Splurge: Designer Denim
Smart shopping expert Trae Bodge loves a good bargain but said it’s worth it to pay more for higher quality jeans. “I find that cheap jeans don’t tend to fit as well, or hold up as well as more expensive jeans,” said Bodge, who shares money-saving tips at TrueTrae.com. “I’m not talking $500 jeans, but investing in jeans in the $100 to $150 price range is worth the investment.”
Splurge: Beauty Products
Just because a beauty product is expensive doesn’t necessarily mean it works better than lower-priced options. But spending more for a product that delivers can be worth the money.
“I’ll pay more for beauty products that work for me,” Bodge said. “My skin is sensitive and a bit fussy, so if something makes my skin look and feel good, I’ll do it. Like with jeans, however, I will not pay hundreds of dollars for a serum, but I will buy something beyond the drugstore.”
Settle: Convenience Purchases
Settling for a lesser quality item or a slightly more expensive item can make sense if it means saving time. “Typically, I settle because of convenience,” Bodge said. “For instance, if I need something and my favorite brand is several towns away but a fairly comparable brand is local, I’ll often opt to stay local,” she said. Bodge also is willing to pay more occasionally if it saves her the time and effort of driving farther to get an item for less.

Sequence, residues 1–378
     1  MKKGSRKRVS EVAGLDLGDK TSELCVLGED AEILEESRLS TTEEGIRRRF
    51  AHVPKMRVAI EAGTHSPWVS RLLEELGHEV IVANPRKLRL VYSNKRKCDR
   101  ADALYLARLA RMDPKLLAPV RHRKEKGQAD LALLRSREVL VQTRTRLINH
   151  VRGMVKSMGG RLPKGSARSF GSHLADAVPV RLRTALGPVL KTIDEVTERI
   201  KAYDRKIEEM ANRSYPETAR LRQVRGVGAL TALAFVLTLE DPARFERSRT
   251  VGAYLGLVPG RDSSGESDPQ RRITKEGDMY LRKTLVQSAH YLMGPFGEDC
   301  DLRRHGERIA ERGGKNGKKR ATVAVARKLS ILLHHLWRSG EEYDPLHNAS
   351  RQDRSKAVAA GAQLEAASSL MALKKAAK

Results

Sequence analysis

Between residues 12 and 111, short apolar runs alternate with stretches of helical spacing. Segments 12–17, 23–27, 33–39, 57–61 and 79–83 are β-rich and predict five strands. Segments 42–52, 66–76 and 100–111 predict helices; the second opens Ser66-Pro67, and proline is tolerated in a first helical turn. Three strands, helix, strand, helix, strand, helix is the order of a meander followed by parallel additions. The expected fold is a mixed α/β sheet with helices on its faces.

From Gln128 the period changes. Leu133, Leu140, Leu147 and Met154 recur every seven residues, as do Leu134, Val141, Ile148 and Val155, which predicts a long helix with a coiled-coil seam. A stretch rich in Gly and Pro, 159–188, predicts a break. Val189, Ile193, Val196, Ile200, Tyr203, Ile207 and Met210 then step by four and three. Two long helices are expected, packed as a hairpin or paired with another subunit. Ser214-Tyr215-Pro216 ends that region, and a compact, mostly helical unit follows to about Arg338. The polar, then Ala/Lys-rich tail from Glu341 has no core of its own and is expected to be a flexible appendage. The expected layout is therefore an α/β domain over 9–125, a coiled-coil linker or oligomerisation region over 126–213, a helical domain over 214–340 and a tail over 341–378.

Settle: Items With a Shorter Lifespan
Spending more on items that you expect to last a long time can make sense, but Wang takes the opposite approach with things that have a shorter useful lifespan. For example, he said he’ll settle for lesser quality to get a lower price on items such as exercise or everyday shoes because he knows they tend to wear out within a year.
Settle: Items That Are Consumed Quickly
For items that are used quickly such as paper towels, napkins, soap, shampoo and other personal care items, Wang won’t spend more just to get better quality. Instead, he’ll settle for whichever brand is on sale or can be purchased in bulk for a lower price at Costco or a similar warehouse club.
Settle: Trendy Items
Trying to keep up with the latest trends can get expensive if you’re paying top dollar for brand-name apparel and accessories. But if it’s going to go out of style soon, Bodge sees no reason to splurge. “If something is trendy and I assume that I won’t wear it for more than a season or two, I’ll settle for a cheaper, lower quality brand because what I really need is ‘fast fashion,’” she said.